There’s a story that we tell ourselves about poverty and digital exclusion: the poorest people are digitally excluded; digital exclusion perpetuates poverty: therefore, getting people online will help lift them out of poverty. Lyndsey Burton assesses the evidence.
Government campaigns to reduce digital exclusion, insofar as they have commented on low income at all, have followed this basic model, pointing to the increased job and education prospects of those with basic digital skills. However, research suggests that the relationship between low income and low digital engagement is more complicated. The factors that complicate it could help programs that seek to help people gain and improve digital skills
In a study contrasting the 2004 Index of Multiple Deprivation (IMD) with postcode-linked data on ICT access, Longley (2008) found that while “high levels of material deprivation are generally associated with low levels of engagement with ICTs and vice versa” many areas showed low levels of engagement but weren’t materially deprived. Moreover, much research into digital exclusion (for example, Livingstone and Helsper 2007) picks out four indicators of exclusion - access, skills, attitudes, and types of engagement – some of which are more obviously correlated to material deprivation than others.
For example, many studies used to indicate levels of inclusion have focused on access statistics like the Office of National Statistics (ONS) data on how many households have home broadband. There are solid reasons for this. Home access can stand in for higher quality digital skills, for example, since it allows people to learn informally. But as internet-connected devices, most notably smartphones, proliferate, using home access as a measure for digital inclusion is becoming more biased toward lower income households. Mobile-only households are concentrated among those with low income (Ofcom 2006).
Nevertheless, there clearly are instances in which researchers have found links between various kinds of digital and social inclusion. I want to look briefly at just one of the most frequently cited economic benefits: increased educational attainment.
Most UK children access the internet either at home or at school: just 13% go online less than once a week and only 3% are non users (Livingstone and Helsper 2007). Low socio-economic status children are disproportionately represented in that category. A number of studies seem to show that digital inclusion can lead to better educational attainment.
Institute for Fiscal Studies research (Chowdry, 2010) found that children that had access to the internet at home gained ten GCSE points on average, controlling for Key Stage 4. The same study found that under one in two participants from the poorest households have home internet access, compared to almost all participants from the richest families. Other studies have found links between high levels of internet use (better digital skills) and higher educational attainment.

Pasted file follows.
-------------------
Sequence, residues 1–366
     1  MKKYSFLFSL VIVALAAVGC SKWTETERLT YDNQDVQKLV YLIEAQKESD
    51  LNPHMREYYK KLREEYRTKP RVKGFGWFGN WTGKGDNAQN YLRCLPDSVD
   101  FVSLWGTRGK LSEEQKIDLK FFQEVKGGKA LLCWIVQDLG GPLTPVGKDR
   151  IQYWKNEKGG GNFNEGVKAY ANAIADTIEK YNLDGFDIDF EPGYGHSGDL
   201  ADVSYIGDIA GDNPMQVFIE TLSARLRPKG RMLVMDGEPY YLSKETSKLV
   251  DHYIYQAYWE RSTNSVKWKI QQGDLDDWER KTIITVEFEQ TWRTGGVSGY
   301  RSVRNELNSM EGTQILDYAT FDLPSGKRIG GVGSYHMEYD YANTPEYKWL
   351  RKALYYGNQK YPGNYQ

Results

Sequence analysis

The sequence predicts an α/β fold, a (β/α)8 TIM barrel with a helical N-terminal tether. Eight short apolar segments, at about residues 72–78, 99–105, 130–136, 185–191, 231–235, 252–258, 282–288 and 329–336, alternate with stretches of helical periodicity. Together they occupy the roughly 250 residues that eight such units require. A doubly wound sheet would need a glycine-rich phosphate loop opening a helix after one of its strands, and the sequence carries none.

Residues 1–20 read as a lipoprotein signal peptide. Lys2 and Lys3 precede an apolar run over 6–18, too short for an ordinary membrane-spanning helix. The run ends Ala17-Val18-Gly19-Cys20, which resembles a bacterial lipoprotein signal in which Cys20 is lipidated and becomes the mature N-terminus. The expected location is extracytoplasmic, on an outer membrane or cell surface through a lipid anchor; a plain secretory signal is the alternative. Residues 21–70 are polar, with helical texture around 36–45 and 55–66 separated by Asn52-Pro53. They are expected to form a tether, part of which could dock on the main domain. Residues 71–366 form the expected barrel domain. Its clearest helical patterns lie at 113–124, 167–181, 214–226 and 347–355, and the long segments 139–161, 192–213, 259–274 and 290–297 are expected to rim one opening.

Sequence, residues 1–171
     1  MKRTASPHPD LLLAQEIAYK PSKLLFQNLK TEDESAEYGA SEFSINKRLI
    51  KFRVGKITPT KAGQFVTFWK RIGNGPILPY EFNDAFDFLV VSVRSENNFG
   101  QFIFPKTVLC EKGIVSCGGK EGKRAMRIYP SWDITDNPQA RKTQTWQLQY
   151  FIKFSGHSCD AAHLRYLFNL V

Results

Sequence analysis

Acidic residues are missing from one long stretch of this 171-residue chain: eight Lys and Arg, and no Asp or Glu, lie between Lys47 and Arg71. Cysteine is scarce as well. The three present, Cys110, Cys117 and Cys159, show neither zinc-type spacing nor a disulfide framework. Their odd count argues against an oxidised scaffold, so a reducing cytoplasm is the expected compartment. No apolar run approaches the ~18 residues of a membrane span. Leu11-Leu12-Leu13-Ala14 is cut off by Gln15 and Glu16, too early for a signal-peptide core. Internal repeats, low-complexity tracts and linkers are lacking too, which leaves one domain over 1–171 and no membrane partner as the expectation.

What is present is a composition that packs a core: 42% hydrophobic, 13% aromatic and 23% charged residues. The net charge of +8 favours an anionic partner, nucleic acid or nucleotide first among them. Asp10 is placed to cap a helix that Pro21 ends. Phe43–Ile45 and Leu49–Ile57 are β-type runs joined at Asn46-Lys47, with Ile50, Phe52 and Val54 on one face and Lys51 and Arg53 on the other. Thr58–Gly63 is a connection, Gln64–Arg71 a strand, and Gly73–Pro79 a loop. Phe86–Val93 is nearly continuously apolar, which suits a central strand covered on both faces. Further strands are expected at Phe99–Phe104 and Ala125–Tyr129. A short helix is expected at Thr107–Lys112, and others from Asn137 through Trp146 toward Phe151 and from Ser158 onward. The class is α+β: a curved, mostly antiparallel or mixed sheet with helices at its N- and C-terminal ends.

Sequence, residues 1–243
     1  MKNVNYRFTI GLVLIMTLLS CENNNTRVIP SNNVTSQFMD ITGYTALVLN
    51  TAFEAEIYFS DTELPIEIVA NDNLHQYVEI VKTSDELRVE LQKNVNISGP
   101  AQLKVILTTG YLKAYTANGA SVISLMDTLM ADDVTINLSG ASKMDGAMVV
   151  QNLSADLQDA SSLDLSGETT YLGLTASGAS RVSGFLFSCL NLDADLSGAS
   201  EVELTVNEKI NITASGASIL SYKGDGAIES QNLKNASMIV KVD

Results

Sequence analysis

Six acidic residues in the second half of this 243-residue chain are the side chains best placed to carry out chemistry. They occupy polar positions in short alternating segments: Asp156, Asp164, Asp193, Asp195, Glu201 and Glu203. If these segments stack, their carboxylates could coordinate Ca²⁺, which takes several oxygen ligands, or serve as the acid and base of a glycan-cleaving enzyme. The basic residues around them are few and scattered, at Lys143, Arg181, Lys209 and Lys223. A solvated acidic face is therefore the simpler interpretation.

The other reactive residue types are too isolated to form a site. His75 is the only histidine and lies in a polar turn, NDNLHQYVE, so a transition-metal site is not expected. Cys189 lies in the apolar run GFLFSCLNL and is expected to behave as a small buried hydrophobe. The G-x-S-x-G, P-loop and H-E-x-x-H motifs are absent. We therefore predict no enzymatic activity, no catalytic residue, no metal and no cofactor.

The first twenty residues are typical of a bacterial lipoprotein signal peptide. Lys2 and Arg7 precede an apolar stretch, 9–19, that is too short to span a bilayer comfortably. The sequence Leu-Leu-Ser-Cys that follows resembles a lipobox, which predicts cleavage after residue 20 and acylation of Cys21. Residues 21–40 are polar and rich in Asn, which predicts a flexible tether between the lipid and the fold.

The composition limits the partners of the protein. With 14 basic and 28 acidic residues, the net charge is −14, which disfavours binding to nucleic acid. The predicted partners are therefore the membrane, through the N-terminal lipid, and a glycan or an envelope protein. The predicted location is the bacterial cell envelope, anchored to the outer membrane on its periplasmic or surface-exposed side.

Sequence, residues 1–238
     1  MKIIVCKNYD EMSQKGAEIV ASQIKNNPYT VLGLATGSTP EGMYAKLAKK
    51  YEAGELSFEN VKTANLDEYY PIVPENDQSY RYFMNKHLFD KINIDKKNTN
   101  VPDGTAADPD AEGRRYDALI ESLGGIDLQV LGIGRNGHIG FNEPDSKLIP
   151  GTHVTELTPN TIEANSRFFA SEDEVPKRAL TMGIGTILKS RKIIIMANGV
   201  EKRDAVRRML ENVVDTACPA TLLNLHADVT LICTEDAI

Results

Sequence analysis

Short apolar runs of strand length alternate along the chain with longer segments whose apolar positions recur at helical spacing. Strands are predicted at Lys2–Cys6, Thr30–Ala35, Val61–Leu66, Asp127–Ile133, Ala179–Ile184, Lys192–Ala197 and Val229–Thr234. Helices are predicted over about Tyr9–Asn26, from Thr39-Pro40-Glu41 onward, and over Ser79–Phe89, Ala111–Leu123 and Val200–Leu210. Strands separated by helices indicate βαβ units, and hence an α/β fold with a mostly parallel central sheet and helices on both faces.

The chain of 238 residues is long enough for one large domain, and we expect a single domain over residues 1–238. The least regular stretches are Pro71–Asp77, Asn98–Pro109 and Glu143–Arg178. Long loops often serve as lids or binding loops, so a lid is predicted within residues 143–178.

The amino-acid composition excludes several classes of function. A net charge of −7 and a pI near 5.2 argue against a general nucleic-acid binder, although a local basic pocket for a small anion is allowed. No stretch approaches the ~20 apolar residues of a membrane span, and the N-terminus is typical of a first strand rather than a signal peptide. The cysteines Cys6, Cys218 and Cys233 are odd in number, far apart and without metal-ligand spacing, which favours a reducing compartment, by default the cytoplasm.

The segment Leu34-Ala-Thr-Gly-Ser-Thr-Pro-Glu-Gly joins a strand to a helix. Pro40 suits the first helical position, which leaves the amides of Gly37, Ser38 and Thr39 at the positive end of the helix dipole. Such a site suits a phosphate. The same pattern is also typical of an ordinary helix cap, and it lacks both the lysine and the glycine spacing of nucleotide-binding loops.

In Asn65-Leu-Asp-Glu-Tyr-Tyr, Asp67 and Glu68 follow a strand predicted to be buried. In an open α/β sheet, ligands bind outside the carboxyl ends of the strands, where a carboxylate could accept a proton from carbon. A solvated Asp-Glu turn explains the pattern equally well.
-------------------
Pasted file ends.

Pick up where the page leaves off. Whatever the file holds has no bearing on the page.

Jackson (2006) found that children of socially deprived households who used the Internet more had higher scores on standardised tests of reading achievement than similar children who used it less. Studies that didn’t find an increase in attainment did find other positive correlations, such as increased self esteem among young technology users (Kirkup and Kirkwood 2005).
The UK’s 2010 digital participation plan warned that we are “moving from conferring advantage on those that have [digital skills], to conferring active disadvantage to those that are without.
Even though children have access to computers and the internet at school and learn some IT skills there, they are impacted by digital exclusion at home and, as we’ve seen, that disadvantage is strongly correlated to material and social disadvantages. It is worrying, then, that Government-backed schemes for free computers and other digital inclusion projects have been cut back in recent years.
Lyndsey Burton is the founder of Choose, which has covered the current schemes offering free and subsidised computers.
Chowdry, H. et al (2010) The role of attitudes and behaviours in explaining socio-economic differences in attainment at age 16. Institute for Fiscal Studies
Jackson et al (2006) Does Home Internet Use Influence the Academic Performance of Low-Income Children? Developmental Psychology Vol. 42, No. 3
Livingstone, S., and Helsper, E. J. (2007): Gradations in digital inclusion: Children, young people and the digital divide. New Media & Society, 9: 671-696.
Longley (2006) UCL Working Papers Series: Social Deprivation and Digital Exclusion in England Paper 145 - Aug 08
Ofcom (2006) The Consumer Experience: Research Report